The International Air Transport Association (IATA) has criticised the imposition of “ill-advised travel bans” to counter the Omicron variant, declaring them “as as ineffective as closing the barn door after the horse has bolted.”
“The emergence of the Omicron variant panicked many governments into once again restricting or entirely removing the freedom to travel—even though WHO clearly advised that ‘blanket travel bans will not prevent the international spread, and they place a heavy burden on lives and livelihoods,” said IATA director Willie Walsh.
“The logic of the WHO advice was evident within days of Omicron’s identification in South Africa, with its presence already confirmed in all continents,” he continued.
Closing borders won’t stop the spread
“Closing borders will not prevent the spread of new variants,” said Julia Simpson, president and CEO of the World Travel & Tourism Commission (WTTC).
“The latest variant is increasingly being detected in countries around the world. The way to keep safe is to focus on the vaccination status of individual travellers rather than placing whole countries onto red lists.”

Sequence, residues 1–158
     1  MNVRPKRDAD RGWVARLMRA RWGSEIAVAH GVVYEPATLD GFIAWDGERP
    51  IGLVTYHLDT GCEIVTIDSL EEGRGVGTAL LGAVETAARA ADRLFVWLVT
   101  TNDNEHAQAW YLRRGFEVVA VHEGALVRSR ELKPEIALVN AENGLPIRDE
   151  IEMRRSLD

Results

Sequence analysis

“Rather than stigmatising countries such as South Africa, which rely heavily on a strong Travel & Tourism, we should be applauding them for identifying this new variant so quickly,” she added.
“Until we fully understand this new variant we must focus on prioritising the world distribution of vaccines while adopting sensible measures such as wearing masks.”
Before the detection of the Omicron variant, IATA October data showed improvement in the aviation sector:
• Total demand for air travel in October 2021 was down 49.4% compared to October 2019, but an improvement over the 53.3% fall recorded in September 2021, compared to two years earlier.
• Domestic markets were down 21.6% compared to October 2019, bettering the 24.2% decline recorded in September versus September 2019.
• International passenger demand in October was 65.5% below October 2019, compared to a 69.0% decline for September versus the 2019 period, with all regions showing improvement.
• North American carriers experienced a 57.0% traffic drop in October versus the 2019 period, improved from a 61.4% decline in September 2021 compared to the same month in 2019. Capacity dropped 43.2%, and load factor fell 20.0 percentage points to 62.4%.
“October’s traffic performance reinforces that people will travel when they are permitted to. Unfortunately, government responses to the emergence of the Omicron variant are putting at risk the global connectivity it has taken so long to rebuild,” said Walsh.